You are currently viewing The UK is lifting its mask requirement in planes and airports

Let’s talk about masks for the first time. We’ve talked a lot about test requirements, which are obviously the most restrictive requirements (and which have been lifted in many countries and will soon be in Canada). But it seems that many travelers are looking forward to mask requirements being lifted as well… while others are not quite there yet.

Absolutely ALL pandemic travel restrictions (including the mask requirement on airplanes and in airports) were lifted yesterday in the United Kingdom.

By the way, Flytrippers often spots flight deals around $500 roundtrip to London, the most popular city in the UK (the country that includes England and is often mistakenly referred to as Great Britain).

So it’s a good time to address the mask topic for the first time.


Masks and travel

It’s not an exaggeration to say that local mask rules are now a consideration when choosing a travel destination, regardless of whether you’re pro-mask or anti-mask.

If you’re not comfortable without a mask, you shouldn’t visit some American cities. While I was in Miami for a week in December, right in the middle of Omicron, I NEVER had to wear a mask, not even once. Even in indoor places, which were all open without mandatory vaccination, of course, nobody had one. At least in Miami Beach.

If you’re not comfortable with a mask, you shouldn’t visit some Latin American cities. When we spent 3 weeks in Guatemala and El Salvador in January, wearing a mask was mandatory OUTSIDE even if there was no one within 10 meters of you (that’s “The Science™”). That’s how it was in the capitals, at least; in more touristy places, it wasn’t really followed or enforced.

Mask-free England (photo credit: Luke Stackpoole)


Then you have mask rules on airplanes as well, which are harder to escape, to be honest (at this point anyway).

But as all measures begin to be lifted, masks on airplanes will obviously become a thing of the past, and normal life will return there too.

It makes perfect sense that countries no longer require masks on airplanes if masks aren’t required anywhere else there, by the way.

On airplanes, the air quality is factually better than in basically all buildings on the ground thanks to:

  • HEPA filters that capture 99.9% of particles
  • Ventilation designed to push air downwards
  • Complete air replacement every 2 to 3 minutes

Therefore, there’s no scientific reason to require masks on airplanes if masks aren’t required in buildings on the ground.

But then again, it wouldn’t be the first time that rules were left in place so that governments could appear to be doing something, even if that something isn’t effective.

Or to “reassure” people because we live in an era where feelings matter more than facts…

But the UK government has chosen logic in eliminating its mask requirement on airplanes since it is lifting all restrictions on the ground.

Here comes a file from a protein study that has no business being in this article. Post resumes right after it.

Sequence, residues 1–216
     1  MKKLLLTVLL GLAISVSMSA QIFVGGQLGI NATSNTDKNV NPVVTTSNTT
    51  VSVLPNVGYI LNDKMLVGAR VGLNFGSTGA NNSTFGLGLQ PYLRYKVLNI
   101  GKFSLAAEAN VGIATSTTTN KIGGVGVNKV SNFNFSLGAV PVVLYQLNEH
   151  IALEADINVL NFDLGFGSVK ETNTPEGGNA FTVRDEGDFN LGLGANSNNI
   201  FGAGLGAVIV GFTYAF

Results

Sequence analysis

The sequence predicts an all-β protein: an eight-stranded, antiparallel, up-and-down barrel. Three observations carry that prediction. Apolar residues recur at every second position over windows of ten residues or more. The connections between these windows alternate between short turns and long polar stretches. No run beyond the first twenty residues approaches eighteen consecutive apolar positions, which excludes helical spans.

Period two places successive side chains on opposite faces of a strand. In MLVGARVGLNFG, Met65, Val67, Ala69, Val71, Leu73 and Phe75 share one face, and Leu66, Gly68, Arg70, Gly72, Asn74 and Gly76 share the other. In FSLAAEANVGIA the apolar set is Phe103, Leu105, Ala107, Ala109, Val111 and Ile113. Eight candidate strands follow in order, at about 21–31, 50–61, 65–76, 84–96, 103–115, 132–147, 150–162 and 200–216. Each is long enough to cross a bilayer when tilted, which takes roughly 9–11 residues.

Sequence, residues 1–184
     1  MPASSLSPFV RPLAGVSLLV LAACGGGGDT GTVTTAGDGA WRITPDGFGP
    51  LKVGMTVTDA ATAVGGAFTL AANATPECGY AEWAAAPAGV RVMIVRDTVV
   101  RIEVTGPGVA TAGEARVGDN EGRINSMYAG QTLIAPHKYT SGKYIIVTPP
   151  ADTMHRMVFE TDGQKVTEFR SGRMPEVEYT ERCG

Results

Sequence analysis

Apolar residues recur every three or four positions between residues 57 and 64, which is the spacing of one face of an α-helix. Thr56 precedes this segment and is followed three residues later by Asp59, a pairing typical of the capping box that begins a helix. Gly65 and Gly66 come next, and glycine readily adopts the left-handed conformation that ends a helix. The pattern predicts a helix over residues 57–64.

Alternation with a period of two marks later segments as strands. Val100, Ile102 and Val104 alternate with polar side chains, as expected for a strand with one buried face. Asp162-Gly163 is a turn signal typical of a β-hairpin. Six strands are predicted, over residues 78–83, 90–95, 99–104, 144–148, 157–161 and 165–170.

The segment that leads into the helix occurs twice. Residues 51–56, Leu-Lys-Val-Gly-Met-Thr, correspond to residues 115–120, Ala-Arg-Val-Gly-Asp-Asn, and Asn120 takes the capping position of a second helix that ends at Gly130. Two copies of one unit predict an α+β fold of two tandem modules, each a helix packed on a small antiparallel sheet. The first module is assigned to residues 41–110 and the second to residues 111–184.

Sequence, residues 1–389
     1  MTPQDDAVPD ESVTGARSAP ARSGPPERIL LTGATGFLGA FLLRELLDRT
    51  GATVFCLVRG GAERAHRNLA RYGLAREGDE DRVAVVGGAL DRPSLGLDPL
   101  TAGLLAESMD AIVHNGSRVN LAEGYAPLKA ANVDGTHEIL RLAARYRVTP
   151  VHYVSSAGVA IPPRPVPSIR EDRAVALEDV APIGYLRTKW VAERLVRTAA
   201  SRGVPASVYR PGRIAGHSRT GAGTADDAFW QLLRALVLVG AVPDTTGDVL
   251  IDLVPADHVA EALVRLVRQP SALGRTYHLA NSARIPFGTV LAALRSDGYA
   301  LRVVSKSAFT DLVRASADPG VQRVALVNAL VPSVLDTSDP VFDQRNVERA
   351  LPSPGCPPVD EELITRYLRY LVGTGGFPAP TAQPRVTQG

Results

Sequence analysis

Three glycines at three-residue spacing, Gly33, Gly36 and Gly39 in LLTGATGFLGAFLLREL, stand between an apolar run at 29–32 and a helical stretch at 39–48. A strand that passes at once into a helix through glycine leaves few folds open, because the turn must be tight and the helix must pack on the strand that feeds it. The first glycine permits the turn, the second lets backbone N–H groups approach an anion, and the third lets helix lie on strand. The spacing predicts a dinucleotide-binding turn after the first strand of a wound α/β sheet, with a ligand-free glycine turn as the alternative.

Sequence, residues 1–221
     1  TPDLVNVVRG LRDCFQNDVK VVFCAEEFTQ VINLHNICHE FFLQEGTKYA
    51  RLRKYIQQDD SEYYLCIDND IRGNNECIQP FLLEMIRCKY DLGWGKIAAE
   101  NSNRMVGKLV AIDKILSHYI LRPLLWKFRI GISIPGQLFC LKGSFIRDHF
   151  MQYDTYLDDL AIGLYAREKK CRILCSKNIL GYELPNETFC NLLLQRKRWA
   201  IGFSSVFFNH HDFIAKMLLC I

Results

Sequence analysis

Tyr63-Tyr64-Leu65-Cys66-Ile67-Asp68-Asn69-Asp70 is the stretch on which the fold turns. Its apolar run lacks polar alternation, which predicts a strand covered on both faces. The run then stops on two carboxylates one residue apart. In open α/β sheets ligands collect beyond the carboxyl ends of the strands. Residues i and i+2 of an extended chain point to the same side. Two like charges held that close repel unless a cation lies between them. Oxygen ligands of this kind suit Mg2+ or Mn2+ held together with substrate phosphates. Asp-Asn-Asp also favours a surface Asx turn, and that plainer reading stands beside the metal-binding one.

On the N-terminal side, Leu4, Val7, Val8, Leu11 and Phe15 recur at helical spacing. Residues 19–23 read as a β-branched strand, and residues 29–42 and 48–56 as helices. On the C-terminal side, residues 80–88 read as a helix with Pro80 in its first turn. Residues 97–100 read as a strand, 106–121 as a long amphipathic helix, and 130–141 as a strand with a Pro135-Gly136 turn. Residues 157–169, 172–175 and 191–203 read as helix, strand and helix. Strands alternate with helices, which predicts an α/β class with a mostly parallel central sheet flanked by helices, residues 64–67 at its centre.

And even more relevant to us Canadian travelers, the US may soon follow suit…


No more masks in the United Kingdom

The UK has announced the end of all COVID-19 restrictions, including required testing.

(By the way, even unvaccinated travelers will no longer need to be tested to enter the country. And people never actually needed to be vaccinated to board a plane there. Canada remains the only country in the world keeping unvaccinated people from flying out of the country — whereas allowing them to get tested would mean that they’d obviously be less at risk of transmitting the virus than us vaccinated travelers, who have never needed to get tested to board a plane here, but can still transmit the virus).

But anyway, what’s most noteworthy is that London Heathrow Airport (LHR), one of the busiest airports in the world, has lifted its mask requirement inside its premises.

The UK’s 2 largest airlines, British Airways and Virgin Atlantic, were also quick to announce the end of masks onboard its airplanes (as did other smaller airlines such as Jet2, among others).

BA A380 (photo credit: British Airways)


READ ALSO: 11 good uses of British Airways Avios points to get free flights

A Virgin Atlantic spokesperson stated: “We believe our customers should have the personal choice whether to wear a mask on board.” Isn’t that a crazy concept?! 

However, eliminating the mask requirement in the UK is based on the same principles as in Scandinavia. There, masks haven’t been required onboard airplanes for some time, but only on domestic flights or flights between the 3 countries (Denmark, Sweden, Norway).

So on flights from the UK to countries where a mask is required — like Canada and the US, for example — a mask will still be mandatory for now, to comply with the other country’s rules. 

It’s not exactly clear which countries allow you to fly with your smile on display (even British Airways stated they were unsure about this).

Unlike test rules, which can easily be searched in one official centralized database for all countries, there’s no database of mask rules.

We know that there are at least the Scandinavian countries mentioned and the UK where masks are a thing of the past (but by the way, Scotland and Wales have kept mask requirements in place even though they’re part of the UK).

There are several Caribbean islands that don’t have mask rules onboard airplanes either. And there are other countries where this is over too, though, whether officially or unofficially.

When I went to Kyrgyzstan and Uzbekistan last May, masks were required on airplanes, but it was only somewhat enforced. Kevin went there this fall, and no one was actually wearing a mask anymore.

So it varies. We’re going to try to put together a list of countries where life is back to normal, even on planes.

In all cases, no country is safe from a new wave that could cause masks to become mandatory again, of course…


The end of masks in the United States?